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Graça Machel Calls For South African Soul Searching For Collective Healing

Dullah Omar Public Lecture: Graça Machel calls on the country to do soul searching for a collective healing

“Years ago South Africa was on the brink of civil war - today we are at war with ourselves in a violent and evil society.”

So said politician, humanitarian and former South African first lady Graça Machel, speaking at the 11th Dullah Omar Public Lecture on Tuesday 3 October 2017, hosted by the University of the Western Cape (UWC).

The lecture, titled A call for a nation’s soul searching, reflected on the founding principles of the South African Freedom Charter and Constitution. Machel also addressed the spate of violence, moral degeneration and socio-economic inequality in the country.   

“There is brutal violence in our streets, our homes, against our women and against foreigners - and this has become commonplace,” she said. “Political assassinations are at an all-time high, especially in KwaZulu-Natal, 86% of all service delivery protests have turned violent this year, and even at our institutions of higher learning we are at war. Even church leaders are committing crimes and exploiting the poorest of the poor in this broken society.”

UWC’s Registrar, Professor Nita Lawton-Misra, welcomed guests to the lecture, reflecting on how Dullah Omar’s legacy has played an even bigger role in the Institute’s work, as reflected when the Community Law Centre was renamed to the Dullah Omar Institute.

“This lecture comes at a time where our democracy is in danger - and it is at times like these that it becomes even more important to reflect on the inspirational legacy of Dullah Omar,” she said.

Since their establishment in 2004, the Dullah Omar Memorial Lectures have been held annually in honour of the late Advocate Dullah Omar, the founding director of UWC's Dullah Omar Institute (then called the Community Law Centre) and the former minister of Justice – a man who believed strongly in engaging on the big issues of the day. Previous speakers for the Dullah Omar Lecture include former president Thabo Mbeki, Archbishop emeritus Desmond Tutu and former Constitutional Court Judge Albie Sachs.

The Lecture was honoured with the presence of members of the Omar family, including Dullah Omar’s wife, Farida Omar, and his sister, Latifa Omar, who gave a word of thanks on behalf of the family.

“The values and qualities of Dullah Omar are in short supply,” said Professor Jaap de Visser, Director of the Dullah Omar Institute, “and those values are needed more than ever, given our current political climate.”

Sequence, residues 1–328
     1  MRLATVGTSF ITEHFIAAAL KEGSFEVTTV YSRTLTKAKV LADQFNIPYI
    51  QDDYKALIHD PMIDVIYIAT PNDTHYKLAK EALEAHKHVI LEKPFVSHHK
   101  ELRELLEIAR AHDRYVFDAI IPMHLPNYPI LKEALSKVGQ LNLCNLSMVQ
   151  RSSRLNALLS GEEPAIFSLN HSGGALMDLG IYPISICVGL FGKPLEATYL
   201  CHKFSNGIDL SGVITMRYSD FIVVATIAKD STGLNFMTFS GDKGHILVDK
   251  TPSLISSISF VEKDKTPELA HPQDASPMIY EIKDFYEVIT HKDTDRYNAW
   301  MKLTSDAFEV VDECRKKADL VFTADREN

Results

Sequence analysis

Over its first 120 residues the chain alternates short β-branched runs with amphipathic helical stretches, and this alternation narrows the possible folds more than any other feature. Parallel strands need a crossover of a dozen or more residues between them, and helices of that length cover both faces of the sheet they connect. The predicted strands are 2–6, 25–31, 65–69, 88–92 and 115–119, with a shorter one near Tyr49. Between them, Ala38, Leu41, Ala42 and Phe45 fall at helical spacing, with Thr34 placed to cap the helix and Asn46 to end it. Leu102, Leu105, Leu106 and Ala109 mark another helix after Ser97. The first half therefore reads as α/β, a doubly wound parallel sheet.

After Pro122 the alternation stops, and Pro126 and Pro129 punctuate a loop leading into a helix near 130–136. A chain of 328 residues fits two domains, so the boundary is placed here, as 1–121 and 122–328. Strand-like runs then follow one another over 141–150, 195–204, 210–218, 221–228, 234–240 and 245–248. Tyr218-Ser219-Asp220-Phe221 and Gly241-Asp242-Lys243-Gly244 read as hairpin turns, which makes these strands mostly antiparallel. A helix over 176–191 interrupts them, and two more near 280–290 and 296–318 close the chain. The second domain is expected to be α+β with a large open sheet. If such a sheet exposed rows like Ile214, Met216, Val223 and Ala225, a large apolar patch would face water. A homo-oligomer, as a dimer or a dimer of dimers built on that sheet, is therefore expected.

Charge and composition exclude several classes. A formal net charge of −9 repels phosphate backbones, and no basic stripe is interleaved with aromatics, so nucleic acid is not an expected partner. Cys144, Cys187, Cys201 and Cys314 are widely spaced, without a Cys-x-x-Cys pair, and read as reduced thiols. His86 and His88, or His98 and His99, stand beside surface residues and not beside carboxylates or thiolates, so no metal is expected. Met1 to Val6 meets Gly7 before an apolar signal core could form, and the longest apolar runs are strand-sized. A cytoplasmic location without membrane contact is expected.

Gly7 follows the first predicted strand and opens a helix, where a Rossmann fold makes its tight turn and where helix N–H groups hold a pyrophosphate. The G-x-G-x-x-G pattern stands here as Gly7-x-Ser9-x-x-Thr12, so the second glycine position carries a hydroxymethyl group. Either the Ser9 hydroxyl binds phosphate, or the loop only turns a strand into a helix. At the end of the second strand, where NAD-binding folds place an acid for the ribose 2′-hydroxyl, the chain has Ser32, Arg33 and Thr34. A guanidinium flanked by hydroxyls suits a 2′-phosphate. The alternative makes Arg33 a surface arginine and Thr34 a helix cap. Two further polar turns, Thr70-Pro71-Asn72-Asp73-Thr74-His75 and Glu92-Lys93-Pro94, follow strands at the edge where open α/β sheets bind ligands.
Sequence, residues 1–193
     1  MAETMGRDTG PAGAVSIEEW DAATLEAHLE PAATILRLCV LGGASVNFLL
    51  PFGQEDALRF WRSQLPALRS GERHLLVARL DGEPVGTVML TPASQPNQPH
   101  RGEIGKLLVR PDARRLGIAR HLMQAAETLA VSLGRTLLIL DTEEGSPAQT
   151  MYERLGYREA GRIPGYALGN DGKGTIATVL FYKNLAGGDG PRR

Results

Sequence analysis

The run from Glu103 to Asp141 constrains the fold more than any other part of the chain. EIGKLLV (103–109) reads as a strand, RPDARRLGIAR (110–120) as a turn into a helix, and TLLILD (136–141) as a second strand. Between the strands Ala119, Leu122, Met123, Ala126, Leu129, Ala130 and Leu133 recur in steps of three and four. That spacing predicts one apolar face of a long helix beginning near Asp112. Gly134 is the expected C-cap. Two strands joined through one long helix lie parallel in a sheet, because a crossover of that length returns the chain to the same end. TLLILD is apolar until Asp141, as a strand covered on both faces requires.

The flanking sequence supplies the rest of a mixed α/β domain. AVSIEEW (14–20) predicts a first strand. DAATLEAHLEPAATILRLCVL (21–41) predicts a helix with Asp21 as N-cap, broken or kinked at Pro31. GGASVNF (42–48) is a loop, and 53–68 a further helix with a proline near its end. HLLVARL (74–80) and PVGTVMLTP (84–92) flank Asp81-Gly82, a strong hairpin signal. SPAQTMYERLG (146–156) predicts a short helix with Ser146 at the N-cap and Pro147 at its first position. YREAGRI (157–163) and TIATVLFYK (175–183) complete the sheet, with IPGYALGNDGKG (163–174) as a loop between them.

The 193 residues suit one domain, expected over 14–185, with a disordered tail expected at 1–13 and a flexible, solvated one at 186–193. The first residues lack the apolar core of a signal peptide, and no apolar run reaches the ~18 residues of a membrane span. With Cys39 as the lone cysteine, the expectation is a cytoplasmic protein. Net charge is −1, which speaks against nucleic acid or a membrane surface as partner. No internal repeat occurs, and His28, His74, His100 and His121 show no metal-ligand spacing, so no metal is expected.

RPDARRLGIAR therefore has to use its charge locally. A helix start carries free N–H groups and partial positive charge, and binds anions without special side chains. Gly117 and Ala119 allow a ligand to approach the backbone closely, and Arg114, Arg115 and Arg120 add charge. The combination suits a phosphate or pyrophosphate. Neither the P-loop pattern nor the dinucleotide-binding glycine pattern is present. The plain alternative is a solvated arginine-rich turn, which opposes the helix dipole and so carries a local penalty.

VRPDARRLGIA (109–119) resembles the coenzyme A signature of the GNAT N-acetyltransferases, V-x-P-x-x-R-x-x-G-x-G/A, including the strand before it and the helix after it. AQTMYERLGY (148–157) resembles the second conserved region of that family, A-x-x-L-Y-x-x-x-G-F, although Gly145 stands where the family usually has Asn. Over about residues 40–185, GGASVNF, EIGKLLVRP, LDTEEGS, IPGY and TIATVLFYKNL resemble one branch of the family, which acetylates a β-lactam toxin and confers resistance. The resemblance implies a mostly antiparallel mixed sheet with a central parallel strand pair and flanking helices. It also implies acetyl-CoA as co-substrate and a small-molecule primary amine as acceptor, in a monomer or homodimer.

Those values, Machel noted, can help inspire South Africans to face up to the nation’s challenges, particularly when it comes to social and economic transformation.

“Our society is a broken one and needs healing. But to do this we need to heal ourselves first,” Machel said. “We need to fully articulate, internalize and institutionalize what it means to build and be a South Africa that is embracing of its diversity, at peace with itself, and dedicated to ensuring equality for all.”

She went on to say that without serious soul searching and an operating framework for all peoples to live and transform the way we identify and relate to one another in the spirit of Ubuntu - we will continue to be cocooned in “an unhealthy death trap of inequality and violence”.

“The interconnectedness and interdependency of our humanity makes such ills as violence against women, racial discrimination and oppression difficult to accept or institutionalize,” she said.

She noted that the philosophy of Ubuntu, while not a panacea, is perhaps a good starting point and framework for soul searching and healing, and that the respect for human dignity is an obligation and condition of being human.

“I look to you, UWC, as a stellar institution of progressive thought, to spearhead this process of societal transformation,” she said.

“You are well poised to lead a movement of excellent social scientists, academic institutions and research bodies to conduct more research on unpacking our wounded psyche and mental health, and suggesting mechanisms that will lead to our collective healing.”

To view the 11th Dullah Omar Memorial Lecture visit